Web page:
Anger and Coping with Provocation

Among the many feelings that we experience, anger is one of the most complex and confusing. Anger is a powerful emotion — it gets people to pay attention and it can motivate us to deal with problem situations.

When something unjust or unfair has been done to you, becoming angry can fortify your self-esteem. On the other hand, anger can be disruptive and destructive to personal relationships and to personal health. Because anger can have harmful effects, we must learn how to manage this emotion and the thoughts and behaviours connected with it.

Anger management does not mean suppressing your anger, keeping a tight lid on it. Nor does it mean denying that you are angry, pretending that you are not angry, or avoiding the problem situation that has triggered your anger.

What it does mean is knowing how to prevent and regulate anger. It means learning how to not get angry in the first place and how to keep anger at moderate levels of intensity when it is aroused.

Most importantly, it means knowing how to take constructive action to resolve problems and conflict.

CBT will help you to understand your personal anger patterns and will teach you a number of effective strategies or coping skills for dealing with anger problems.

No matter how troublesome your problems with anger have been, you can learn how to “defuse” anger reactions and thereby improve your health, and your personal relationships.

CBT for anger management begins by paying careful attention to and identifying the frequent triggers of your anger. This understanding of specific reactions leads to the formation of an individualised CBT problem conceptualisation and treatment plan.

Through a process of challenging thoughts, beliefs and feelings clients then learn how to apply cognitive behavioural therapy to manage their triggers in a more constructive and helpful fashion. If there are underlying issues such as stress or self-esteem, a programme is designed to incorporate necessary changes. Often some practical steps are suggested, such as time management, exercise, changes in life environment, improved communication skills or sometimes quite simply some time off! CBT tools are provided to manage anger in the moment, and also to help reduce tension levels in general.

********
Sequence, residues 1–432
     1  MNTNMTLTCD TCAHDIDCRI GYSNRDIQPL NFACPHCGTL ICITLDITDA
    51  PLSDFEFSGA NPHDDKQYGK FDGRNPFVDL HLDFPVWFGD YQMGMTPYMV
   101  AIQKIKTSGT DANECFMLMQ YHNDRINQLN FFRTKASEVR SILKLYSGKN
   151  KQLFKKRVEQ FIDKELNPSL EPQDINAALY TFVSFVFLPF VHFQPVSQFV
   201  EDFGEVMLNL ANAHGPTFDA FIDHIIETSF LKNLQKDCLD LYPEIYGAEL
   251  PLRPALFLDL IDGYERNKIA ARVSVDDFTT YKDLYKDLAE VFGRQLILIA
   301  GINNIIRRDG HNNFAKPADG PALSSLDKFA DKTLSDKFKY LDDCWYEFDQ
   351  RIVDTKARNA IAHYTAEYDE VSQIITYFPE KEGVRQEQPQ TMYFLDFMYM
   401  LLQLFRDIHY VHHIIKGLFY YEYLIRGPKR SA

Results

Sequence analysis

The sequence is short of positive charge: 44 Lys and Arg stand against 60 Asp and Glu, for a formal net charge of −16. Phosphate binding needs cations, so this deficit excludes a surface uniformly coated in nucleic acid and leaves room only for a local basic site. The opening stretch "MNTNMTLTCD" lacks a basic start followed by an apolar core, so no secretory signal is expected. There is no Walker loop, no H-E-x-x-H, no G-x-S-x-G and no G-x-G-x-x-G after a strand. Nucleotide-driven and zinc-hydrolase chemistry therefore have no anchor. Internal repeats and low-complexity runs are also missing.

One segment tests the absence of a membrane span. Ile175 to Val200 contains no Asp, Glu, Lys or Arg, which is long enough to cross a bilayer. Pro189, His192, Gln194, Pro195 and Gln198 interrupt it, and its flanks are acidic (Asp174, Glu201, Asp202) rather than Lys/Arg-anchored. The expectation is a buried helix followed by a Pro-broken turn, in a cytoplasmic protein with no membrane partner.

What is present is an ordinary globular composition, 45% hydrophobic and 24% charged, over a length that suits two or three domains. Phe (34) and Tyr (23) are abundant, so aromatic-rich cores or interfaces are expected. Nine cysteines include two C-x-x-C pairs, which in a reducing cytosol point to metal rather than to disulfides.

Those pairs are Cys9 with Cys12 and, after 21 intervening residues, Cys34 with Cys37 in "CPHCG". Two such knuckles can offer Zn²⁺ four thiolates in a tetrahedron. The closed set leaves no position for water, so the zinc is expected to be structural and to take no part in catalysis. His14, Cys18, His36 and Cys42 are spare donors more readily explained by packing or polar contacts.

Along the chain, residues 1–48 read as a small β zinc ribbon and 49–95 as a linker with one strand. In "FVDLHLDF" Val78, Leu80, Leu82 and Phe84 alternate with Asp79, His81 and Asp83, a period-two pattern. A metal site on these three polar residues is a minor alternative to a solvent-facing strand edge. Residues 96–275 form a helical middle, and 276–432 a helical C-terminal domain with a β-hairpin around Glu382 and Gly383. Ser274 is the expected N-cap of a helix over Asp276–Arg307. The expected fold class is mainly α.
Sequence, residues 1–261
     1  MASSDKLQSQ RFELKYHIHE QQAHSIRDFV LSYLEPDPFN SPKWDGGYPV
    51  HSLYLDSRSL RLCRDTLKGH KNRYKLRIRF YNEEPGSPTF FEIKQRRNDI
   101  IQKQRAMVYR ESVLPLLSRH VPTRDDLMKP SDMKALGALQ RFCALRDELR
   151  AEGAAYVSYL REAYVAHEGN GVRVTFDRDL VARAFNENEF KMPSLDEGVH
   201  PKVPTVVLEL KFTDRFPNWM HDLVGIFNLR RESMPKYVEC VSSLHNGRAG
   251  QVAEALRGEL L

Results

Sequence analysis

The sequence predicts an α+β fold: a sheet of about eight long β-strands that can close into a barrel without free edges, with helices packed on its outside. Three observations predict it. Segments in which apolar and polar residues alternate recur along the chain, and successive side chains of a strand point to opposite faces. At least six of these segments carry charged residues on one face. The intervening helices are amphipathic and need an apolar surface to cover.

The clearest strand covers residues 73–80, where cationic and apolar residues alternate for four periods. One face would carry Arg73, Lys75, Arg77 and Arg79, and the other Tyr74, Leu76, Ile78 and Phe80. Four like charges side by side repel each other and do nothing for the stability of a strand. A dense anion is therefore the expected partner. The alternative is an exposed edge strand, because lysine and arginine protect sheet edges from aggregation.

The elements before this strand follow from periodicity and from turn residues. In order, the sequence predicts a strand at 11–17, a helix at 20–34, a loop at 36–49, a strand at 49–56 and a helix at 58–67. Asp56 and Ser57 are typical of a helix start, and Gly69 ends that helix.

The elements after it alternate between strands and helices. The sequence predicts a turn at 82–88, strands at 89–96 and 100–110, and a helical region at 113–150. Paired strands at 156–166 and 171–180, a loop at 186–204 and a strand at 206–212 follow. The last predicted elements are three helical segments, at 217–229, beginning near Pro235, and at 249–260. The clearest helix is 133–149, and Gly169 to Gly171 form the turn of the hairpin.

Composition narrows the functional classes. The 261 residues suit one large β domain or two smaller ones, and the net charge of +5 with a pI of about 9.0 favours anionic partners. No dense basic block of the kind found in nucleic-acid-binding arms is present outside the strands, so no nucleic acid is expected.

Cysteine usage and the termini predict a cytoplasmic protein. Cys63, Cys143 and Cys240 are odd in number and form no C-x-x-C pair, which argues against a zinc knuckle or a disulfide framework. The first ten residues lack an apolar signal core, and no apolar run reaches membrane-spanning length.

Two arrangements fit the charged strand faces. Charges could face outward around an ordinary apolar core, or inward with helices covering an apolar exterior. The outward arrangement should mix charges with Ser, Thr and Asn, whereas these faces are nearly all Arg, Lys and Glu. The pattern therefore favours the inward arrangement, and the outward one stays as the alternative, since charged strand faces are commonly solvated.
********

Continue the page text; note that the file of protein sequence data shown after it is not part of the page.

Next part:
People with anger issues have generally been having problems for some time, though often it is an increase in anger levels that motivate the client to seek help.

Treatment also includes an extensive stress reduction and relaxation programme to reduce the sense of threat, violation, frustration, fear and guilt that these outbursts and loss of control can produce.

2. The second part of the treatment is designed to use standard CBT to challenge negative thoughts and beliefs about the self, other people, and their future by:-

  • first identifying these negative automatic thoughts
  • testing them as hypothesis rather than facts
  • discovering what errors of logic are being made
  • substituting them for a more balanced way of thinking.

3. The third part of CBT Counselling looks at deeper core belief and schemas from early life (up to sixteen) which are then modified to aid in relapse prevention. Areas of:-

  • subjugation (being controlled or invalidated as a child)
  • mistrust (feeling abused or exploited by others)
  • punitive parent (criticising, shaming, verbally abusive)
  • emotional deprivation (in the areas of nurture, empathy, protection, mentoring)
  • vulnerability to harm from others
  • not being good enough/worthy

These are often present as some of the underlying non-conscious beliefs which are at the source of anger problems.